If a pattern tells you to fasten off it means that when you have finished working your last stitch then you will want to cut your yarn, leaving around 6 inches for a tail. Make sure to leave a long enough tail to easily allow you to weave in your work. Then using your hook, draw the tail through the last remaining loop on your hook. Then put your hook down and pull gentle on the tail to help lock it into place.

Note: NEVER TIE A KNOT AT THE END OR BEGINNING OF YOUR WORK. Knots create bumps and are not as secure as weaving your ends in. I have repaired a lot of crochet project over the years, and the majority of the ones that unraveled were from tying in knots instead of taking the time to weave the ends in.

The Invisible Finish – Weaving in Ends

Before we get started you will need a large eye blunt needle and a pair of scissors.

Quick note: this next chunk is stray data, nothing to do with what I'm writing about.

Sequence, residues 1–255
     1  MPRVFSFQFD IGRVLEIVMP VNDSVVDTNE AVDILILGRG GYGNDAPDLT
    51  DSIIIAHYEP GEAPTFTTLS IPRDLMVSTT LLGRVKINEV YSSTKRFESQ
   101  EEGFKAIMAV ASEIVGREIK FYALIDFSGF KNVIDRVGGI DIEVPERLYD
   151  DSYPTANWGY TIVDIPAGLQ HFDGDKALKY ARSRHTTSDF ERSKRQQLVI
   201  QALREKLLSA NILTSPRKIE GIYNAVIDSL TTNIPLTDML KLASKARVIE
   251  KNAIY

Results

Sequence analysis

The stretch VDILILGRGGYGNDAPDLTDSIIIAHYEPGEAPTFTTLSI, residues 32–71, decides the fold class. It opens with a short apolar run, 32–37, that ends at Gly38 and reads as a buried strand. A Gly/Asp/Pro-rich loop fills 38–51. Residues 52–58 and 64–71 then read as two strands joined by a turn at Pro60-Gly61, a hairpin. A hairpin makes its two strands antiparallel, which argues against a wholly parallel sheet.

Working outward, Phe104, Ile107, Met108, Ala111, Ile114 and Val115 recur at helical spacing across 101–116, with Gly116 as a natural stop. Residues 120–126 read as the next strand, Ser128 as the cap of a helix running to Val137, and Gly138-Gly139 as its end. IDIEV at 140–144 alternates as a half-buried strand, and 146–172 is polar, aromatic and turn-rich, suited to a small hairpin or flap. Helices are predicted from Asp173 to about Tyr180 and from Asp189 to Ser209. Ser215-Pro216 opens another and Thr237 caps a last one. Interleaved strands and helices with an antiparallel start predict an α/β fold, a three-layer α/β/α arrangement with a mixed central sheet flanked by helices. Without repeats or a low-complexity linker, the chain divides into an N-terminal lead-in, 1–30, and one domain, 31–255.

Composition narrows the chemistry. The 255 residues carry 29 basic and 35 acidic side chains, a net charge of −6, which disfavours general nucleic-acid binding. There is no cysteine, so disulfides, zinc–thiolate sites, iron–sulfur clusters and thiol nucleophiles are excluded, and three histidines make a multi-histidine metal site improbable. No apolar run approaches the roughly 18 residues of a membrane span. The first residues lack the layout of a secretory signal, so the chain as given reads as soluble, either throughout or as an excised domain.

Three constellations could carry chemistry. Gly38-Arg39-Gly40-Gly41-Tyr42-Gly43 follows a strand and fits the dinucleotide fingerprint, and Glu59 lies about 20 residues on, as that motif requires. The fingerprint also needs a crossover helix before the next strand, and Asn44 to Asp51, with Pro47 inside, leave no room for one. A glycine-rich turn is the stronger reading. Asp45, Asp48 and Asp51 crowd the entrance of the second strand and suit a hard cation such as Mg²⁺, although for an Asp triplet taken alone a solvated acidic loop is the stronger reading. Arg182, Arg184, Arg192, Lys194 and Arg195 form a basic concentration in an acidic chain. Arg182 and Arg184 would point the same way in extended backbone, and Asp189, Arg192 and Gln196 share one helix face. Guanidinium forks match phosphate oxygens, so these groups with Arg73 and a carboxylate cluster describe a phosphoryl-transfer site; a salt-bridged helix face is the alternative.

When most people finish they usually make a slip knot and then weave in the ends. This is what makes all that work stay in. I am going to show you another technique that will help you have a more professional looking end.

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Step One: When you finish the stitch of your work, (I am using a basic round of double crochets) pull the loop through so that it will lengthen (about 6 inches) (pictured above)

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Step Two: Cut it at the top of the loop (pictured above)